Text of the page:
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Circ Res. 2018 Apr 27;122(9):1238-1258. doi: 10.1161/CIRCRESAHA.117.311002.

Cardiovascular Metabolomics.

McGarrah RW1,2,3, Crown SB1, Zhang GF1,4,3, Shah SH1,2,3, Newgard CB5,4,3,6.

Author information

1
From the Sarah W. Stedman Nutrition and Metabolism Center and Duke Molecular Physiology Institute (R.W.M., S.B.C., G.F.Z., S.H.S., C.B.N.).
2
Division of Cardiology (R.W.M., S.H.S.).
3
Department of Medicine (R.W.M., G.F.Z., S.H.S., C.B.N.).
4
Division of Endocrinology (G.F.Z., C.B.N.).
5
From the Sarah W. Stedman Nutrition and Metabolism Center and Duke Molecular Physiology Institute (R.W.M., S.B.C., G.F.Z., S.H.S., C.B.N.) chris.newgard@duke.edu.
6
Departments of Pharmacology and Cancer Biology (C.B.N.), Duke University Medical Center, Durham, NC.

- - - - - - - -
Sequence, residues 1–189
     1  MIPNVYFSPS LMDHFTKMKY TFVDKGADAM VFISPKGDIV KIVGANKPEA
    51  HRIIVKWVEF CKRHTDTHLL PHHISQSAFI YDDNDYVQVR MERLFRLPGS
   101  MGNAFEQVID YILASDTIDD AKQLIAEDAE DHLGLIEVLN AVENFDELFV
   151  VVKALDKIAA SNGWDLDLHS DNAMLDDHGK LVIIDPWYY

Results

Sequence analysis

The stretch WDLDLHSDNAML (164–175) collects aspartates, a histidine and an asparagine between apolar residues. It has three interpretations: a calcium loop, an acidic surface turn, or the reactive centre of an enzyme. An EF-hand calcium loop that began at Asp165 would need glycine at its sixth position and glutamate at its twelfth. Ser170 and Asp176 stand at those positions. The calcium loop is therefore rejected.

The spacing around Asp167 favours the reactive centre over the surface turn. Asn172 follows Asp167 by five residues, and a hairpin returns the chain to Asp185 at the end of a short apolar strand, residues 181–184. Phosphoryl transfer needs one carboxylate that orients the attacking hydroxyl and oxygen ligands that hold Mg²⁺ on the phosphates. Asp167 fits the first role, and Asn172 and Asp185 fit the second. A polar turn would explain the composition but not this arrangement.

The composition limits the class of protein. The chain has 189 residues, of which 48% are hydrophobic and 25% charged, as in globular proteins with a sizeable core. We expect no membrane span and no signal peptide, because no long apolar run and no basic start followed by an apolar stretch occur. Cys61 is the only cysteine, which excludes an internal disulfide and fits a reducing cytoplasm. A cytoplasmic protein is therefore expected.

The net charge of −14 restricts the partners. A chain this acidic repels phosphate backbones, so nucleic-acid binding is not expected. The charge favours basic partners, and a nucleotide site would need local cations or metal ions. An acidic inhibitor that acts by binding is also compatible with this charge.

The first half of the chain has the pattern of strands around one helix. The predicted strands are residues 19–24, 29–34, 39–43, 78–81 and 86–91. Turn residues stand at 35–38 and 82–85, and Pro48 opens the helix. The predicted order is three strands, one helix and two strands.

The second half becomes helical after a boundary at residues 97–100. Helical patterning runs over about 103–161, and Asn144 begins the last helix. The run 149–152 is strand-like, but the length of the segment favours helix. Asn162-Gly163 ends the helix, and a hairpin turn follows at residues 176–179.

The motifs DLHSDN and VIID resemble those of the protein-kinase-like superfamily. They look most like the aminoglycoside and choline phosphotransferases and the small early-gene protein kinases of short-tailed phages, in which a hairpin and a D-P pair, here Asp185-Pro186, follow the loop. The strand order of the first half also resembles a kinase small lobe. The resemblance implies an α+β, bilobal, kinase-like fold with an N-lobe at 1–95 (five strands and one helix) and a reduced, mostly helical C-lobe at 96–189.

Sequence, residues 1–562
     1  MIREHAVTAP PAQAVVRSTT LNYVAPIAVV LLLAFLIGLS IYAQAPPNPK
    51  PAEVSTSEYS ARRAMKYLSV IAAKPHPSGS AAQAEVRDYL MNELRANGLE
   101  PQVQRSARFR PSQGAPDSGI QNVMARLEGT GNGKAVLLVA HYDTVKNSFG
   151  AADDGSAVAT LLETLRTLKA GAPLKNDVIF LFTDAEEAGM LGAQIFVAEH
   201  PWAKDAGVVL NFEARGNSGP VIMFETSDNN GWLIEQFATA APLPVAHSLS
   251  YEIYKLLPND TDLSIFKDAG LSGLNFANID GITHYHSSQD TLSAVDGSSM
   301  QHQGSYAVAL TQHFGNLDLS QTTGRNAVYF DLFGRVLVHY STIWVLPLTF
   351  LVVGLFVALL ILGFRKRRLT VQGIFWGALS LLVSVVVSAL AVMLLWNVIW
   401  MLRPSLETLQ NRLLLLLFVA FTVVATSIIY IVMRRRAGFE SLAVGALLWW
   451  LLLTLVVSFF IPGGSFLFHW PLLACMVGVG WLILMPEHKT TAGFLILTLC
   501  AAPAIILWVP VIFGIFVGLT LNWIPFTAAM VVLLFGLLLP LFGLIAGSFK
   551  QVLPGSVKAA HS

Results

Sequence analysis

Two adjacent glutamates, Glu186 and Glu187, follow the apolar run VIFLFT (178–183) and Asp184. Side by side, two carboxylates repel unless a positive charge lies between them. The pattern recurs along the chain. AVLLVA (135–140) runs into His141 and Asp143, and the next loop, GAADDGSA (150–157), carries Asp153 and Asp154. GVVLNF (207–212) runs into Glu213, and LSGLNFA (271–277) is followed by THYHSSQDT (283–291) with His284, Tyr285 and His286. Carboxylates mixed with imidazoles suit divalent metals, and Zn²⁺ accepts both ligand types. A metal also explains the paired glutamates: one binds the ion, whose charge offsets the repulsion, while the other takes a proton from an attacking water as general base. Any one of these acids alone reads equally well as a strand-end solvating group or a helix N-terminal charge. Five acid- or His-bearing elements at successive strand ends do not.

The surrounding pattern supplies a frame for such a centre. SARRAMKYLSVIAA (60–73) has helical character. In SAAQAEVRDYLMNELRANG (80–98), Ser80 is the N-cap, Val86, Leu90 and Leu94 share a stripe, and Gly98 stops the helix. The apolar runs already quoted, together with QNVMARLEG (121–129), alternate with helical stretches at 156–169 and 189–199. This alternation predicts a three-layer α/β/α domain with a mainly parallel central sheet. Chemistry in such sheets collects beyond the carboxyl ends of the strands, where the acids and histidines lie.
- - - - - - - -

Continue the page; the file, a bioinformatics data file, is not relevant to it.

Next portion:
Abstract

Disturbances in cardiac metabolism underlie most cardiovascular diseases. Metabolomics, one of the newer omics technologies, has emerged as a powerful tool for defining changes in both global and cardiac-specific metabolism that occur across a spectrum of cardiovascular disease states. Findings from metabolomics studies have contributed to better understanding of the metabolic changes that occur in heart failure and ischemic heart disease and have identified new cardiovascular disease biomarkers. As technologies advance, the metabolomics field continues to evolve rapidly. In this review, we will discuss the current state of metabolomics technologies, including consideration of various metabolomics platforms and elements of study design; the emerging utility of stable isotopes for metabolic flux studies; and the use of metabolomics to better understand specific cardiovascular diseases, with an emphasis on recent advances in the field.

KEYWORDS:

amino acids; cardiovascular diseases; heart failure; ketone bodies; metabolism

PMID:
29700070
PMCID:
PMC6029726
[Available on 2019-04-27]
DOI:
10.1161/CIRCRESAHA.117.311002

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